What Is The Yen Carry Trade?

Updated: Jun 05, 2024 | Published: Jun 05, 2024
Verified Investing
By Verified Investing
What Is The Yen Carry Trade?

The yen carry trade is a forex trading strategy in which investors take advantage of low borrowing costs in Japan to fund investments in countries with higher interest rates. It involves borrowing money from a Japanese bank at or near 0% interest, converting the yen to dollars, and using it to purchase Treasuries or make other yield-bearing purchases overseas.

The yen/dollar pair is the world’s most popular carry trade. Traders made 18% in total returns on the yen/dollar carry trade in 2023, thanks to the Bank of Japan holding rates at -0.10% while the Fed hiked rates to 5.5%.

What Are The Advantages of the Yen Carry Trade?

Aside from unexpected currency movements, the yen carry trade is low risk unless you use leverage or use the money to invest in non-government assets. There is little risk that the US government won’t pay maturing Treasuries, making them a default choice for many trades. Profits in the yen carry trade ballooned as the yen sank to 34-year lows in 2024.

When the Japanese loan in yen comes due, you repay it by liquidating your dollar-denominated assets and keeping the profits. The stability of the dollar relative to the yen makes the carry trade a source of steady income.

The sheer volume of the global yen carry trade has played a large role in keeping the yen weak. Trillions of dollars worth of yen are sold each year to buy dollars or euros for exporting Japanese loans to other countries. The steady downward pressure on the yen means most of the forex risk is on the other side of the trade.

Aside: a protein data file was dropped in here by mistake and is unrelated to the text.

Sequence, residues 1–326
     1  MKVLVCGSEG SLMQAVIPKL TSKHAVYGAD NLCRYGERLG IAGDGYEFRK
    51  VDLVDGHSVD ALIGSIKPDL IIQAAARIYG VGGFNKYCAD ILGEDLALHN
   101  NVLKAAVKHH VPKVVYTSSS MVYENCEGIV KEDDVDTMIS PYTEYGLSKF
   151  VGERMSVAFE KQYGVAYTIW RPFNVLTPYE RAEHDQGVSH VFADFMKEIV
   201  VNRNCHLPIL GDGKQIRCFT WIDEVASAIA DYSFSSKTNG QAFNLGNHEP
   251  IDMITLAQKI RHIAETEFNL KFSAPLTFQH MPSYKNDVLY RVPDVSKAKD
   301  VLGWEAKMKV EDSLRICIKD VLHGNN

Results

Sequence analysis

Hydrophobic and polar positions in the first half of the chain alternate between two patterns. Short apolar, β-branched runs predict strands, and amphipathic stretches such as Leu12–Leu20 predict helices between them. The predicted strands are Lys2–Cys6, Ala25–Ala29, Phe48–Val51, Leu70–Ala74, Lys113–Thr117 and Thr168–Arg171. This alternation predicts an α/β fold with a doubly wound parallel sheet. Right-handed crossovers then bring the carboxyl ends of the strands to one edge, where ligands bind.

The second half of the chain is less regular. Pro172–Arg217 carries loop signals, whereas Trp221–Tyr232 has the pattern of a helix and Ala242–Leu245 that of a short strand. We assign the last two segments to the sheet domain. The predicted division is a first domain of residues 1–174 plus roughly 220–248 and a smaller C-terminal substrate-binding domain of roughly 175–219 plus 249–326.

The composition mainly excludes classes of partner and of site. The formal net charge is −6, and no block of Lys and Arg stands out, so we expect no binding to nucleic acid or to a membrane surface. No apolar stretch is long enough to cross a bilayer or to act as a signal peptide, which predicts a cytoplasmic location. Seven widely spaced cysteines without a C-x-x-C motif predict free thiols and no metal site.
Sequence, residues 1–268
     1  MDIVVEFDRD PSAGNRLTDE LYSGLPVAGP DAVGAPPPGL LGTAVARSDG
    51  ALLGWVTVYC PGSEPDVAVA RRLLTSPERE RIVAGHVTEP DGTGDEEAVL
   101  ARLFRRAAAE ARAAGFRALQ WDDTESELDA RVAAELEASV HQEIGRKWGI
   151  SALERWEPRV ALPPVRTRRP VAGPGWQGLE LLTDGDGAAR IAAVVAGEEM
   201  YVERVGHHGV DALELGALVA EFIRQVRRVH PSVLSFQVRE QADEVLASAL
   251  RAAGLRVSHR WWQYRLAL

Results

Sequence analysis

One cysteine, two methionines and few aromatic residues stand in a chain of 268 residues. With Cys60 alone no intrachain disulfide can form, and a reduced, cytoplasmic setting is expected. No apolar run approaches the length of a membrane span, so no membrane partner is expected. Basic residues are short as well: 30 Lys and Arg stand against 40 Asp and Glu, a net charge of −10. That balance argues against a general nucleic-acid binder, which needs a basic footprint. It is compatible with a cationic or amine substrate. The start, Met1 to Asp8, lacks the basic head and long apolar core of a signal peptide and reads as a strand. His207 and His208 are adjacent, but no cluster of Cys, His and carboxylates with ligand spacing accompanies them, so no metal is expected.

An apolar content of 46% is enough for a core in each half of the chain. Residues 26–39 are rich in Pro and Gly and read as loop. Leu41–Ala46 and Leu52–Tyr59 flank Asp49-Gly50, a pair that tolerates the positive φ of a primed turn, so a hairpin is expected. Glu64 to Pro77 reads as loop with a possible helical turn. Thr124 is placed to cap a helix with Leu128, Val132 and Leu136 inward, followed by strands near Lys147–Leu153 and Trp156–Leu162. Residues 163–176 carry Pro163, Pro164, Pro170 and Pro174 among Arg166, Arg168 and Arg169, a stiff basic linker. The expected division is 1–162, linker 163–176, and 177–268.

Aside from an interest rate hike, the Bank of Japan can do little to seriously disrupt the yen carry trade, though a forceful currency intervention could temporarily increase volatility and reduce profits.

What Are The Disadvantages of the Yen Carry Trade?

The yen carry trade seems simple, but the specifics of each trade require extensive knowledge and deep pockets. Yen carry trades are deeply leveraged to boost returns. They are generally not hedged, as that would eat into any gains realized. Therefore, they are not for the meek or inexperienced trader.

Risk in yen carry trades comes primarily from changes in exchange rates, which are heavily influenced by central bank policy. In March 2024, the Bank of Japan raised interest rates above zero for the first time since 2011, while other central banks began cutting rates. This reduced the attractiveness of the yen carry trade as profit margins were squeezed.

Unwinding large numbers of carry trades strengthens the yen while weakening the partner currency, as traders sell dollars, euros, or pounds and buy yen to pay off Japanese-originated loans. In large volumes, this can further reduce currency spreads and lead to the unwinding of more carry trades.

Another disadvantage the yen carry trade faces is the possibility of a surge in overseas Japanese investments coming back home if the BoJ raises rates while other major central banks continue to cut. This repatriation of Japanese assets would strengthen the yen, just as the unwinding of carry trades would.